THAAD System in Korea Designed to Defend US Troops, Not Korean Cities
21:06 05.09.2016(updated 21:07 05.09.2016)
On Monday, speaking with his South Korean counterpart, Chinese President Xi Jinping emphasized that China was categorically opposed to the deployment of US missile defense in South Korea. Commenting on the president's remarks, Russian and Chinese political analysts told Sputnik what it is specifically that China is concerned about.
Speaking with South Korean President Park Geun-hye in Hangzhou, China on the sidelines of the G20 Summit, Xi warned that the "improper resolution of this issue will not help ensure strategic stability in the region, and may exacerbate existing conflicts."
Park, in turn, responded by pointing out that in 2016 alone, North Korea has carried out another nuclear test, together with a series of missile tests. Accordingly, she suggested, it is Pyongyang's military 'provocations' which have undermined stability in the region, and posed a challenge to relations between Seoul and Beijing.
The meeting between the two countries' leaders came against the background of tense relations between Beijing and Seoul, with China concerned over South Korea's agreement to deploy the American Terminal High Altitude Area Defense (THAAD) anti-ballistic missile system in the south of the country.
Hours after the meeting, North Korea conducted three more ballistic missile launches in the Sea of Japan.
On Saturday, speaking before the Eastern Economic Forum in Vladivostok, Park called on North Korea's neighbors, including Russia, to assert their influence over Pyongyang. In response, Russian President Vladimir Putin said that it was necessary to act cautiously, so as not to provoke North Korean leaders in taking measures that they see as the protection of their national security. An aggravation of the situation would be counterproductive, and it's necessary to return to multilateral negotiations, Putin emphasized. At the same time, he added that Moscow still has some channels of communication with Pyongyang, and will use them to attempt to reduce tensions.
Also on Saturday, President Xi met with US President Barack Obama. The two men discussed the North Korean issue. Xi reiterated the position that Beijing is fundamentally opposed to the deployment of THAAD in Korea, and urged Washington to respect China's strategic security interests.
The US made the decision to deploy its THAAD ABM system in South Korea in July.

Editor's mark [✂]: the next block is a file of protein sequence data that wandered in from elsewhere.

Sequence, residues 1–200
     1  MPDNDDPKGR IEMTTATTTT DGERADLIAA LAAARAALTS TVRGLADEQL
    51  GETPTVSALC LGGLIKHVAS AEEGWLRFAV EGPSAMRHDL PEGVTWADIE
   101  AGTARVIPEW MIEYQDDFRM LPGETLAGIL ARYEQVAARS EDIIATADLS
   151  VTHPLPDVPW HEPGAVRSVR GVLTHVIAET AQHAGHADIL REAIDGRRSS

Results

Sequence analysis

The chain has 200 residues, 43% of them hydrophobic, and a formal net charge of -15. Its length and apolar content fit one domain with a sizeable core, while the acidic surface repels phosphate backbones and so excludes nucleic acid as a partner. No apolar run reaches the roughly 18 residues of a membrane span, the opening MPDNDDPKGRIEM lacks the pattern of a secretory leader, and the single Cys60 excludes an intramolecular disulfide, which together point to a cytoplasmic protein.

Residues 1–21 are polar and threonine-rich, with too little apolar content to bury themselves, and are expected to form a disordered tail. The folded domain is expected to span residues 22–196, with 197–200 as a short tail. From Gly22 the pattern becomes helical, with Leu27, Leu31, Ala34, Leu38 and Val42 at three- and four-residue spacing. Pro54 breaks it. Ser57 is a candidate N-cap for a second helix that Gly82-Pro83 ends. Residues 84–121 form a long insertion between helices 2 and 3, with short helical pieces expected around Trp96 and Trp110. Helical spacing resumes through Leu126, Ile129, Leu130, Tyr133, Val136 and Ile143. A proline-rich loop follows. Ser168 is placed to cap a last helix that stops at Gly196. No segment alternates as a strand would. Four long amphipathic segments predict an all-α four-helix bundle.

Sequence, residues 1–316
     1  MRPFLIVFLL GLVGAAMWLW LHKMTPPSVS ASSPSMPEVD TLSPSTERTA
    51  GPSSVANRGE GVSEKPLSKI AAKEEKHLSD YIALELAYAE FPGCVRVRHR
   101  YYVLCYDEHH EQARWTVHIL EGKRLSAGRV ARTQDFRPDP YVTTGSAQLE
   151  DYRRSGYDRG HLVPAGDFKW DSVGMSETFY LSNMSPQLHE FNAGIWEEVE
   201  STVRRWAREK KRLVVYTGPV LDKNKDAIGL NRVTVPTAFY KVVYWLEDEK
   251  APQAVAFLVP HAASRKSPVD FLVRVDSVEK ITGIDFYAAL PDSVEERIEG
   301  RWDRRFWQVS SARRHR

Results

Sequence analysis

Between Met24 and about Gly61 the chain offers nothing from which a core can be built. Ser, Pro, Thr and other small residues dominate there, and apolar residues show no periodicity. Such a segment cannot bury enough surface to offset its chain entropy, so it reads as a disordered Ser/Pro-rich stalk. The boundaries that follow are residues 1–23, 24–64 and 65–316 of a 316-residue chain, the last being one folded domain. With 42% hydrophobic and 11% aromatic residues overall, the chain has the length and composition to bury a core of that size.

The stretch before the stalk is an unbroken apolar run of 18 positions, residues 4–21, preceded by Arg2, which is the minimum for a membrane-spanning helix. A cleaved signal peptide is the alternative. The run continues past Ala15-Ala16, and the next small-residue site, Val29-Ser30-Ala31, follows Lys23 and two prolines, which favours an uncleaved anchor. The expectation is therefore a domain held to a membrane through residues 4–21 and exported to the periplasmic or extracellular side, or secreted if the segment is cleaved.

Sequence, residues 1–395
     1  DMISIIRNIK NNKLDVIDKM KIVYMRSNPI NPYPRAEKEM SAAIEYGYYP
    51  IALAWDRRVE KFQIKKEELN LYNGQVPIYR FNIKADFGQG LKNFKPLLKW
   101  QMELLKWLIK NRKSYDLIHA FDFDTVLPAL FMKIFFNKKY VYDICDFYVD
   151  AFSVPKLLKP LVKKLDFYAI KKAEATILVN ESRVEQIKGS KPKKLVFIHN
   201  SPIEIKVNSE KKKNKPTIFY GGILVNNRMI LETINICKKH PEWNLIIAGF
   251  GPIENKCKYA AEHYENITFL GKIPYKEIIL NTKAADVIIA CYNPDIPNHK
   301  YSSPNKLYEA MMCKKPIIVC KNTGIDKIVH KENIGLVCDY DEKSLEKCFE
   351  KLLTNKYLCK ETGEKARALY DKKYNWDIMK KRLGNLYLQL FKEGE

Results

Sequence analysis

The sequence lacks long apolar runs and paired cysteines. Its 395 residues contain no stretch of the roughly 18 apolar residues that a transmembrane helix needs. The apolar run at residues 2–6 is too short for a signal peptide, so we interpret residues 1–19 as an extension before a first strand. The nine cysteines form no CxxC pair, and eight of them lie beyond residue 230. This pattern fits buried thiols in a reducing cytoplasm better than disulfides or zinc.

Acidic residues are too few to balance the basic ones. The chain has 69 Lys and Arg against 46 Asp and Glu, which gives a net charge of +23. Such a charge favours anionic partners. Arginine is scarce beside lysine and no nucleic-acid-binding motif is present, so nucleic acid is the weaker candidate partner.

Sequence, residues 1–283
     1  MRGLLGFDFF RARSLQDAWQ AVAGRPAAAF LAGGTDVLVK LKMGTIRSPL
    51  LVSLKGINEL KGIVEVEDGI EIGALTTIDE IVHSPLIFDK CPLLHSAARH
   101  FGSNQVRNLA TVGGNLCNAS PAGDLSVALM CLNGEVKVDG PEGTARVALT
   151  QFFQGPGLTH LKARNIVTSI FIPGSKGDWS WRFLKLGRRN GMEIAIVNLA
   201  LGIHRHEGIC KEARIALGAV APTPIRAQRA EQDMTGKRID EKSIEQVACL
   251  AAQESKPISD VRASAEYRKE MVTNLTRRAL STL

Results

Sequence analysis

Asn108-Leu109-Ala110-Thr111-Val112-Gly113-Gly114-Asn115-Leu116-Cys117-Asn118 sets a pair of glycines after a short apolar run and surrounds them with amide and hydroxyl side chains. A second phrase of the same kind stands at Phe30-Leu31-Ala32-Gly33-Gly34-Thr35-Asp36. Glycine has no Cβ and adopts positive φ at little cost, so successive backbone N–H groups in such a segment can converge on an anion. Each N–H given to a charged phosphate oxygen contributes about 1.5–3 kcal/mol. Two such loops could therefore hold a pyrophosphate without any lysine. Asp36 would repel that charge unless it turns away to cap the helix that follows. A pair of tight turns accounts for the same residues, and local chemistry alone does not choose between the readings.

Speaking to Sputnik, veteran military expert Vladimir Evseev laid out the contours of Beijing's concerns, and what China expects to gain by pressing Washington and Seoul not to deploy THAAD in South Korea.
"According to the information we have at the moment, the US will only be deploying one THAAD battery [in South Korea]," the expert noted. "This battery is meant to defend US military facilities, not Seoul. I think that this was discussed at the meetings Xi Jinping held with Park Geun-hye and Barack Obama."
"China expects, firstly, that a second battery will not be deployed, given speculation that South Korea wants to buy a second battery. It appears that talk of a second battery will not be forthcoming following China's statements."
"Secondly, it is possible that the US may deploy other systems in South Korea," Evseev noted. "That is, THAAD may be only the first element. Specifically, a ground-based version of the Aegis system, like the one in Romania, could be deployed [in South Korea]. In other words, China is now looking to stop the further deployment of US missile defense…and the deployment of American offensive weapons which will affect China's security interests. The idea is to prevent unfavorable developments from taking place, since this would force China to respond [in kind]. China is being drawn into an arms race, and considers it necessary to stop it."
For his part, commenting on Washington and Seoul's likely response to President Xi's warnings, Wang Junsheng, a research fellow at Beijing's National Institute of International Strategy at the Chinese Academy of Social Sciences, told Sputnik that it was very difficult to guess at the moment precisely how the US and South Korea would respond.
"It's very difficult to assess whether Seoul and Washington will continue to hold their horse at the edge of the abyss, or whether they will reverse their decision on the THAAD deployment," the analyst noted.
In any case, the meetings themselves hold a crucial importance, according to Wang, particularly the one between presidents Xi and Park.
"During a key period of development of China-ROK relations, the senior leaders of the two countries are communicating directly…At the meeting, Xi Jinping stressed that China and South Korea are neighbors, and have broad common interests, including joint economic development and the promotion of regional peace…"
"In addition, there is an extensive set of arguments – both bitter and sweet ones, [that China can use] to persuade South Korea to take the right track – to reduce the negative factor, to respect [China's] core interests, to find common interests despite existing differences…Future development will depend on the political wisdom of South Korean leaders on this issue," Wang concluded.
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